The Federal Aviation Administration said on Wednesday it does not have a specific timetable on when Boeing Co’s troubled 737 Max jet would return to service after two fatal crashes led to the airplane’s worldwide grounding in March.
FAA spokesman Greg Martin said the agency has “no timetable” for allowing the 737 Max to resume flying and will act “only when it is safe to return to service.”
Bloomberg reported earlier that the troubled 737 Max aircraft will be back in the air by December, citing a top Federal Aviation Administration safety official.
Boeing did not immediately respond to a request for comment, and has not given a timeline on when the planes would be back in service.
Boeing is not expected to submit its formal software fix to the FAA this week or conduct a certification test flight that is required before it can submit the fix and training upgrade for approval, two people briefed on the matter told Reuters.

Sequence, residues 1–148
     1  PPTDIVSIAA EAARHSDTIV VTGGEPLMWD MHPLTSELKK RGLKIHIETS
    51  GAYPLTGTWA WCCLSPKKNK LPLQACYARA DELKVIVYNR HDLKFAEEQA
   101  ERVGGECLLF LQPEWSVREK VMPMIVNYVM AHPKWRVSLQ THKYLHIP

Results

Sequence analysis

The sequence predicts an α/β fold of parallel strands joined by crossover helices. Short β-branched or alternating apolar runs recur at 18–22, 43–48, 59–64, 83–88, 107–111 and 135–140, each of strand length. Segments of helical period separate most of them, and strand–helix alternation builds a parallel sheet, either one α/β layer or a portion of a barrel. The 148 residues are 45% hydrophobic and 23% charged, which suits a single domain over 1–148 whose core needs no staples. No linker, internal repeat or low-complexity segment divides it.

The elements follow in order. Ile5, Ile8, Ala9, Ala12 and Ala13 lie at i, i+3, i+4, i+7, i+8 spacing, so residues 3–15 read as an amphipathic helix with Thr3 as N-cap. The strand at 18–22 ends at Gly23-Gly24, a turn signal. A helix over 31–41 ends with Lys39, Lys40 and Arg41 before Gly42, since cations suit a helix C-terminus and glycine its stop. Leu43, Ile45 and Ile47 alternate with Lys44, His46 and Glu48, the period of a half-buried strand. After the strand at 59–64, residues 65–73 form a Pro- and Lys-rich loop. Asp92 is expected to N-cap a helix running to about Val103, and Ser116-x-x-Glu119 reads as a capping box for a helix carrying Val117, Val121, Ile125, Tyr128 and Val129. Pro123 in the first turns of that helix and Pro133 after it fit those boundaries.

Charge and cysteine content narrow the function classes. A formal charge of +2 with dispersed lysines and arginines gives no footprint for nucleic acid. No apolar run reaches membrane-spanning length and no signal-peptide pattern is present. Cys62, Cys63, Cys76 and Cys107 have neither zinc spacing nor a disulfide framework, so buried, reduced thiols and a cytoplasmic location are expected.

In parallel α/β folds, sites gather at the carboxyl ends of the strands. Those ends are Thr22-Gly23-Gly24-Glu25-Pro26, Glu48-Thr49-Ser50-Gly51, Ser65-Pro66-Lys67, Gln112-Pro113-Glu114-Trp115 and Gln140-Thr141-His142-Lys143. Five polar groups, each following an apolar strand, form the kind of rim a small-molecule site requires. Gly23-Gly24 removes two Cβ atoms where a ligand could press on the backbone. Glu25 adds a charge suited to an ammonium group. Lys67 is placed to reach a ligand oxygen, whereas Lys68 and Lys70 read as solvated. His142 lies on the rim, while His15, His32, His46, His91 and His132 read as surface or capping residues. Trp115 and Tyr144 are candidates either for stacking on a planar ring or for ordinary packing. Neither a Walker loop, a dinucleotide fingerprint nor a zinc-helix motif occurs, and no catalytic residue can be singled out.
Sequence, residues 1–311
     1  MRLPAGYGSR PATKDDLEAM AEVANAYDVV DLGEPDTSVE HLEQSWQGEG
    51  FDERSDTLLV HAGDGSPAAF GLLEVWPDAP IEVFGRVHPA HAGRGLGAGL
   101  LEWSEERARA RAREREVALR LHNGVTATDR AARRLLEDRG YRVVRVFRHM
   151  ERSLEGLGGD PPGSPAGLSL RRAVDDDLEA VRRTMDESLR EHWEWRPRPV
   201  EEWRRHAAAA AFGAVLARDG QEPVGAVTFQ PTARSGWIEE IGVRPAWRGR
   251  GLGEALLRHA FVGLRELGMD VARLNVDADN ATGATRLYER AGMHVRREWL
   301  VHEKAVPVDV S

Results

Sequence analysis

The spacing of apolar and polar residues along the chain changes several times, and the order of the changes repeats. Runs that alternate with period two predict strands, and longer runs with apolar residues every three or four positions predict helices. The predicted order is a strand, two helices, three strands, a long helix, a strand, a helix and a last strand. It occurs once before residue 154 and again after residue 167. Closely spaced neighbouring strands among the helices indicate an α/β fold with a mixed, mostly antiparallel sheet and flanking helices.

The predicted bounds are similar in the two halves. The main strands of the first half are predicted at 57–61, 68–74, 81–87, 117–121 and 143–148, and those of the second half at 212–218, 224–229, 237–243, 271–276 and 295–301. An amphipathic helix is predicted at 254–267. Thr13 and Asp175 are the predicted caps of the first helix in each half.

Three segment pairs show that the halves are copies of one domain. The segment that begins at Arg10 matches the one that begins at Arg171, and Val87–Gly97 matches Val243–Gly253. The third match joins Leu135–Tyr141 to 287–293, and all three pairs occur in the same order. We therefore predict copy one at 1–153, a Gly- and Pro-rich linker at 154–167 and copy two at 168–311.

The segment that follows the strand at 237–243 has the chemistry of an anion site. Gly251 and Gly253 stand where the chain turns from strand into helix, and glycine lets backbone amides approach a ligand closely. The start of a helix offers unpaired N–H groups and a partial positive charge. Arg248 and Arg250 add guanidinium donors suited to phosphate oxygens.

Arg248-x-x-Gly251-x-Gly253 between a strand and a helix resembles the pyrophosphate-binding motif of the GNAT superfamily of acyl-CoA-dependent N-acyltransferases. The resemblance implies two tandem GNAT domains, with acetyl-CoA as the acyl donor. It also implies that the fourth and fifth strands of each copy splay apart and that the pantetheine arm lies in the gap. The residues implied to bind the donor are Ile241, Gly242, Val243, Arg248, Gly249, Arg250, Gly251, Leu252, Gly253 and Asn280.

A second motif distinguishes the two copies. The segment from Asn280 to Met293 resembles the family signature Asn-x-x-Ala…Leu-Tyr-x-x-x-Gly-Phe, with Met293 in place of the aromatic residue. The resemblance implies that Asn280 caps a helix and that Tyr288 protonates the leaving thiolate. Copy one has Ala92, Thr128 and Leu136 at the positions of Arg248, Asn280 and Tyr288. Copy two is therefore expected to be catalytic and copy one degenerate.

A battered aviation industry has been speculating on when Boeing will win regulators’ approval to put the plane back in the air along with a batch of software upgrades and training.
A spokesperson for WestJet told CBC News that its schedule is adjusted through August 3. “We continue to monitor the situation and will adjust our schedule as required,” said Morgan Bell.
“WestJet remains closely in contact with our partners at Boeing, Transport Canada and other regulators to understand how and when to safely reintroduce the Max aircraft into service.”
Air Canada spokesperson Peter Fitzpatrick said that because the timeline for the plane’s return to service is unknown, the airline has removed all 737 Max aircraft from its schedule until at least September 2.
“Through various measures we have maintained enough capacity to operate 96 per cent of previous planned flights and customers can plan and book their travel with Air Canada with full confidence.”
American Airlines Group Inc. said on Sunday it was extending cancellations of about 115 daily flights into September due to the grounding.